uE/m^2/sec.

In the case of the two Iwasaki bulbs, the highest intensity in
the vertical (pendant) orientation was radiated on the side of
the bulb with the nipple. This was true for both the BUD and the
BH versions of the bulb. However, there was a significant
difference in the extent of the asymmetry between the two
versions. While the BUD version only varied 13% from side to
side, the BH version operated in the vertical position varied 39%
from side to side. In other words, the bulb operated improperly
produces a light field that is significantly more asymmetrical
than the Iwasaki, when operated as designed. Measured in a
horizontal orientation, the same Iwasaki BH bulb that differed by
39% from side to side in a vertical orientation varied no more
than 5% at any point.

Similar in light distribution to the Iwasaki bulb, the German
10,000 degree Kelvin bulb produced more light from the side with
the nipple than the opposite side. However, neither orientation
produced as much light as either side at 90 and 270 degrees from
the nipple. The German 20,000 degree Kelvin bulb generated quite
a different light field with the lowest light levels generated at
90 and 270 degree, just the opposite of the 10,000 degree Kelvin
bulb.

Color temperature of the bulbs varied less than intensity. The
Iwasaki bulbs varied from 6450 Kelvin at 0 degrees (towards the
nipple) to 6090K at 180 degrees opposite the nipple. The German
10,000 degree Kelvin bulb ranged from 23,250 degree Kelvin 90
degrees from the nipple to 21,270 degree Kelvin in the direction
of the nipple. The Radium bulb’s color temperature is beyond the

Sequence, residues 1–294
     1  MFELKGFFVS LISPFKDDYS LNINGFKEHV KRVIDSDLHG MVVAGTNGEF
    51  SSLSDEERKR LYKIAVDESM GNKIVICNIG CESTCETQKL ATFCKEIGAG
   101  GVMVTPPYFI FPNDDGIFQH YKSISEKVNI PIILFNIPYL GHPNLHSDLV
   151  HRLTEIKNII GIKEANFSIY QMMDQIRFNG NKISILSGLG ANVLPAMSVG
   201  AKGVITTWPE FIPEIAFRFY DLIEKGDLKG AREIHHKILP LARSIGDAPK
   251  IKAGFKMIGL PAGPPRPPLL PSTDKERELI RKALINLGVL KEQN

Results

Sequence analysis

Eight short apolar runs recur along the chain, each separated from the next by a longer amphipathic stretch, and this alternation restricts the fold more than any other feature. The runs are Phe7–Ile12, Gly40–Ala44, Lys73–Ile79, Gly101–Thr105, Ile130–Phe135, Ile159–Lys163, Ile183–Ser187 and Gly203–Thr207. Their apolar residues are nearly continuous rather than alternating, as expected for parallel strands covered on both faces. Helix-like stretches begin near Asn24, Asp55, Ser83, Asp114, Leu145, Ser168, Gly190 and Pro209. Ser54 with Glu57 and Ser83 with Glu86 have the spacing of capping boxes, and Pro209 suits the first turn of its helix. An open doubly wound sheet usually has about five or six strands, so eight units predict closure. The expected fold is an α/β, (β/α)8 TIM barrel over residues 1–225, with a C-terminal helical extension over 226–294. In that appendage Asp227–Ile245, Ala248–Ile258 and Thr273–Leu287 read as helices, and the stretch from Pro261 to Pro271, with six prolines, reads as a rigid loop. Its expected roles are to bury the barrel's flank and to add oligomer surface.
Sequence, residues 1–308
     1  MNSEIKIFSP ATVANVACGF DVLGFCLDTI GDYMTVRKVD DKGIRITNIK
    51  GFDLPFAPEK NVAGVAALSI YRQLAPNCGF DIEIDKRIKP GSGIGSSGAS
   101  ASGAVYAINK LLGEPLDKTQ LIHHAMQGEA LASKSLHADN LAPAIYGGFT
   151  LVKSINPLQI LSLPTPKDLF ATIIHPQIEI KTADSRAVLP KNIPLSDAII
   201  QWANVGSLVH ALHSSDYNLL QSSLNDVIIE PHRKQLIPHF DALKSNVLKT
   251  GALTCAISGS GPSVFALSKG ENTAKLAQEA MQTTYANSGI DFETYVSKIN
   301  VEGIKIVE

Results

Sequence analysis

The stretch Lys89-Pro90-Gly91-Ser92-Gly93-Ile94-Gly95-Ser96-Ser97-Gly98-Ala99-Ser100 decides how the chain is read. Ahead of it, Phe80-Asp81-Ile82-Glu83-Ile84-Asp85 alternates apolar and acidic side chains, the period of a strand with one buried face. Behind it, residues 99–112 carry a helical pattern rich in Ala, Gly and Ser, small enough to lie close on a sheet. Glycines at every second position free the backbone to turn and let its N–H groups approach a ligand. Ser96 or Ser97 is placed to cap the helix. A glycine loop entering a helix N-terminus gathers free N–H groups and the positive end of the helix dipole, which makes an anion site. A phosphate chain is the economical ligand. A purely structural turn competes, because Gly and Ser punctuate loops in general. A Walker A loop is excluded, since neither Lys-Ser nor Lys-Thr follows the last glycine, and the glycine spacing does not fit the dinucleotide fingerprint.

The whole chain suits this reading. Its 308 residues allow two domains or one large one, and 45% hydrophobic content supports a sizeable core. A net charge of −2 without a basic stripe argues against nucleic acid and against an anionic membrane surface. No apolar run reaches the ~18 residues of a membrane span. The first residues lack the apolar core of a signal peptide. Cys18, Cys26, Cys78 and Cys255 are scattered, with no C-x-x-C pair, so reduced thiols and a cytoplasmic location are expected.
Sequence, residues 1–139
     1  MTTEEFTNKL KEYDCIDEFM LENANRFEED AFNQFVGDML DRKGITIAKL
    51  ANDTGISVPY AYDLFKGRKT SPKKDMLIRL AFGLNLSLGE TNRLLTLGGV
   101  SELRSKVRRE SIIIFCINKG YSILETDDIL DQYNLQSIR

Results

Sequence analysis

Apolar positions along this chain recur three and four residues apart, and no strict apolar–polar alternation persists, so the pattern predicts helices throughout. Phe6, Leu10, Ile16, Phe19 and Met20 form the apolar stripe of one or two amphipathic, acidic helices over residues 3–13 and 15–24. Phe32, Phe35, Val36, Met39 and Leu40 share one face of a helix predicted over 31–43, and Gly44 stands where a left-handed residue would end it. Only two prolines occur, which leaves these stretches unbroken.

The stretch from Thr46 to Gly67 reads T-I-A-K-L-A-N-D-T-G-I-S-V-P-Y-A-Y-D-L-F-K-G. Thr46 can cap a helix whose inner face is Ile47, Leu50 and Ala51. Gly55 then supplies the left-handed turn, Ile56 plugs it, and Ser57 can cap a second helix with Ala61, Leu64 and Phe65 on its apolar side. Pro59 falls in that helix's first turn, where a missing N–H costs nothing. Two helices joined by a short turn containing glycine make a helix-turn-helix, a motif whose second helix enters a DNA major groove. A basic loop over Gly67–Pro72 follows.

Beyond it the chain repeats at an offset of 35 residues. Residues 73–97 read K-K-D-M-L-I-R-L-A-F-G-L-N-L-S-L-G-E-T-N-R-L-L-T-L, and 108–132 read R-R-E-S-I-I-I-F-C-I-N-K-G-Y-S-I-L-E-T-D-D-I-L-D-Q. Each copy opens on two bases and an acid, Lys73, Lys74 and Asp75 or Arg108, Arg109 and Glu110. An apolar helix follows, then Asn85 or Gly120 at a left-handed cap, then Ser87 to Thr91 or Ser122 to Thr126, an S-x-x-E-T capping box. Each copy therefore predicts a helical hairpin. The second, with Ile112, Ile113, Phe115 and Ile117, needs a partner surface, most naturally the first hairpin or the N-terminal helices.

40,000 degree Kelvin range of the color meter.

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Discussion and Recommendations

The results make it clear that one cannot state categorically
that light intensity is lower on the side of the bulb with the
nipple. Quite the contrary, on the whole, light intensity tends
to be greater on the side with the nipple. Much more is at work
here than simply nipple orientation. An examination of the inner
envelope and glowing arc within the envelope explains the
differences. The orientation of the arc within the inner envelope
has a much greater impact on light intensity than the glass
nipple. In a vertical orientation, the Iwasaki bulb arc arches
towards the nipple and consequently produces more light on the
side with the nipple. This is true for both the BUD and BH
versions, but is more pronounced with the BH version burned in a
vertical orientation. In contrast, the German 20,000 degree
Kelvin bulb arc arches away from the nipple and therefore
produces greater light opposite the nipple. The 10,000 degree
Kelvin bulb produces the most uniform and centered arc of the